I just read the latest installment of Brian Hibbs "Tilting at Windmills" column. In this edition, he takes a look at the bookstore and direct market sales numbers for 2006, and provides some interesting analysis.
Even if you're not interested in the numbers themselves, though (either because it's a fairly dry subject or because, as Hibbs admit, the numbers are "loose" at best) I suggest you read some of Hibbs' columns. He's been a retailer for close to two decades, and his thought process is worth examining because he's been a successful retailer for close to two decades.
The comic book industry, as you probably know, is fairly insular. Most of the folks writing and drawing comics were fans of the medium when they were kids. Most of the retailers selling comics were fans when they were kids. Many of the fans today who are kids want to grow up to be working in comics. The medium is driven, almost unilaterally, by a love of the medium and I don't think there are many people in the business who don't really like what they're doing.
And that, believe it or not, can be a problem. Running a comic book shop is a business. It requires that you not only know your stock inside and out, but it also requires that you know something about business. Marketing, finances, building codes... the works! And far too many retailers out there operate their shop as if they were looking at The Android's Dungeon as the epitome of a well-run business.
There are, however, a handful of retailers out there who actually seem to know a thing or two about business. Their shops run well, make money, and (generally) have expanded considerably since they first opened their doors. The best examples I can point to of good retailers are Chuck Rozanski (Mile High Comics), Joe Field (Flying Colors Comics) and Brian Hibbs (Comix Experience). Not necessarily because they're the BEST comic book retailers (but they all are very good), but because they're the most vocal about being good comic retailers. They have, over the years, shared their collective experience and wisdom with the comic book community, in large part to help other retailers (and future retailers) be successful themselves. Chuck is probably the most well-known, thanks to his longevity in the industry, but has, I think, lost a lot of what comic fans enjoy in the medium. Brian, by contrast, still seems to enjoy the comic book world despite some of the hoops he's had to jump through as a good businessman. (Brian, you might recall, led a class-action lawsuit against Marvel a few years ago to recover what could have been a significant financial write-off.)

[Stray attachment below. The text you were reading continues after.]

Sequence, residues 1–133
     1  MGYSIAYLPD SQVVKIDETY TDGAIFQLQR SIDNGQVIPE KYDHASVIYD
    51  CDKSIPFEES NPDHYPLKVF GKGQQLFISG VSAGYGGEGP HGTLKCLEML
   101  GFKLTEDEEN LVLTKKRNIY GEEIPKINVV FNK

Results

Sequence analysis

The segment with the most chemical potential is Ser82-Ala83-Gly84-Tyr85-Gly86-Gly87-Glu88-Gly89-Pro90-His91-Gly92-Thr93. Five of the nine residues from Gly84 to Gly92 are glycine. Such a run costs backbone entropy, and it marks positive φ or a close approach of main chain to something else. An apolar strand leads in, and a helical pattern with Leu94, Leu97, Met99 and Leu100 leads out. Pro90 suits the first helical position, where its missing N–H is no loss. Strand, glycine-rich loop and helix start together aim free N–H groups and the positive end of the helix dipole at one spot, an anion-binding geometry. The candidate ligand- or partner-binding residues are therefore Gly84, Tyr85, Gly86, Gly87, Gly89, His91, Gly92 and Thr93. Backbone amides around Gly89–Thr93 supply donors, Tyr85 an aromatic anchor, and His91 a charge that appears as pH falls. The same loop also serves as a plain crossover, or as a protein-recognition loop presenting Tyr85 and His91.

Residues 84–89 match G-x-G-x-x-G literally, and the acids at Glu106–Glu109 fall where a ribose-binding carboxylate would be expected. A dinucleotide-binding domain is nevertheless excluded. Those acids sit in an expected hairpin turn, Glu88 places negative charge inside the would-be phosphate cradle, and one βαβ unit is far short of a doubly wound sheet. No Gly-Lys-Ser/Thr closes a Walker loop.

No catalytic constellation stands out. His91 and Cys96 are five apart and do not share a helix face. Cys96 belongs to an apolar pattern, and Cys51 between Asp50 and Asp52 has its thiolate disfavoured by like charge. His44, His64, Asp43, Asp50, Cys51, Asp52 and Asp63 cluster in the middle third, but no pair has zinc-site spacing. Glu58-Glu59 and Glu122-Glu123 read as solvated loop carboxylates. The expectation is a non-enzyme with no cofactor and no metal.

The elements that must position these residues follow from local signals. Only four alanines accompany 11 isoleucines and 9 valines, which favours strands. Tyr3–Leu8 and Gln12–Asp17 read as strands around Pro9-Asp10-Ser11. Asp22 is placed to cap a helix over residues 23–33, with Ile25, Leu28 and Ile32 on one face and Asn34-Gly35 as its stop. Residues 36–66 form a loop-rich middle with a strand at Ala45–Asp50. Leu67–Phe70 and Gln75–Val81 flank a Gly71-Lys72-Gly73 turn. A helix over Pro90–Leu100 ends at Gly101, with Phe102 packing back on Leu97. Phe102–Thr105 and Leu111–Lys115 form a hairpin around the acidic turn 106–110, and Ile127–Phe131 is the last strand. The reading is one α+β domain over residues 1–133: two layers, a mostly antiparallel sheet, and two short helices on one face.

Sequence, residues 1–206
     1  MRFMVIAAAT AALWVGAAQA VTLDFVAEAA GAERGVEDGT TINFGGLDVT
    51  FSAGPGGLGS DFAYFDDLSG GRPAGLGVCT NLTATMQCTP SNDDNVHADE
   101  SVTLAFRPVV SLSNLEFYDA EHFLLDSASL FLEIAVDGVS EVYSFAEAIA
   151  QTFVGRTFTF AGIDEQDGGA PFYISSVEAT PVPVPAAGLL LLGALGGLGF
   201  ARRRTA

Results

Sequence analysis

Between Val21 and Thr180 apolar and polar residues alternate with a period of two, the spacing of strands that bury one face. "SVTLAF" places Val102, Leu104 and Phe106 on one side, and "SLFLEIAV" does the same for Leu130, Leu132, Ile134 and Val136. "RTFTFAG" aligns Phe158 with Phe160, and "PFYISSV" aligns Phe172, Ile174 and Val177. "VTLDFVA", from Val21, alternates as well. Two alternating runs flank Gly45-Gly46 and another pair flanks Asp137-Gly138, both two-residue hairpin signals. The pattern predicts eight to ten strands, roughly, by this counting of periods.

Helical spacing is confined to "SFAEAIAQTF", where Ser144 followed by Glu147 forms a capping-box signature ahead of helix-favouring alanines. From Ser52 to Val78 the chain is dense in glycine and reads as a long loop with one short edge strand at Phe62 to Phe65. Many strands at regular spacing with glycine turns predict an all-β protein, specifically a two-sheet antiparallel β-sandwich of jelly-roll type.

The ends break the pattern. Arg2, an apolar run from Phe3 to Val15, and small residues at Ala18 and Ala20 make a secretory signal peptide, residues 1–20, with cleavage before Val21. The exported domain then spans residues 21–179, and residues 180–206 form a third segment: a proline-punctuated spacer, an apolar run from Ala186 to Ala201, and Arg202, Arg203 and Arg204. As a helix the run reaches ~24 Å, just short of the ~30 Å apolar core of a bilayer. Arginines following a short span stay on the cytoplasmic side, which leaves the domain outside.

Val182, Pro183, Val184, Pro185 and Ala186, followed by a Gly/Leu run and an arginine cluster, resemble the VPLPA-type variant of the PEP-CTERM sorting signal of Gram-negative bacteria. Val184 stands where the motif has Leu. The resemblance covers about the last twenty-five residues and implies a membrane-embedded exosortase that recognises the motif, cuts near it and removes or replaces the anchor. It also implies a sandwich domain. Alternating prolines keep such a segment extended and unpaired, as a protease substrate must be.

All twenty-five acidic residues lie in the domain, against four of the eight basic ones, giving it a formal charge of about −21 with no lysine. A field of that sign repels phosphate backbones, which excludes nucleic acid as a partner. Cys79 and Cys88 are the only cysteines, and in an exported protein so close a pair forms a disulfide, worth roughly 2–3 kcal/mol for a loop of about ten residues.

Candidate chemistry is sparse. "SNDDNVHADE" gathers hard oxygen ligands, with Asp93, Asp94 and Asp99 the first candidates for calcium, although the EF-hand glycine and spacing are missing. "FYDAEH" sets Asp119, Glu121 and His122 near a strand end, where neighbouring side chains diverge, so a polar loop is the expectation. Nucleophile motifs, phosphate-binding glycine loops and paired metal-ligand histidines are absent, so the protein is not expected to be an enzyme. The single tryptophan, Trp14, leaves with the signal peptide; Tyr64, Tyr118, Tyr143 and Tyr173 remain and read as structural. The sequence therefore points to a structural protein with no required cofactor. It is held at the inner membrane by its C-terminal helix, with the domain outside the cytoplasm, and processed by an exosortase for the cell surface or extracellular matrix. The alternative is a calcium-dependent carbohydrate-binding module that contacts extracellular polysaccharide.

So, even if you find some of the material less than exciting, their overall thought-process and business savvy is worth taking a look at and trying to absorb. Not every comic shop has to be a hole in the wall that looks more like a bachelor's basement than an actual business.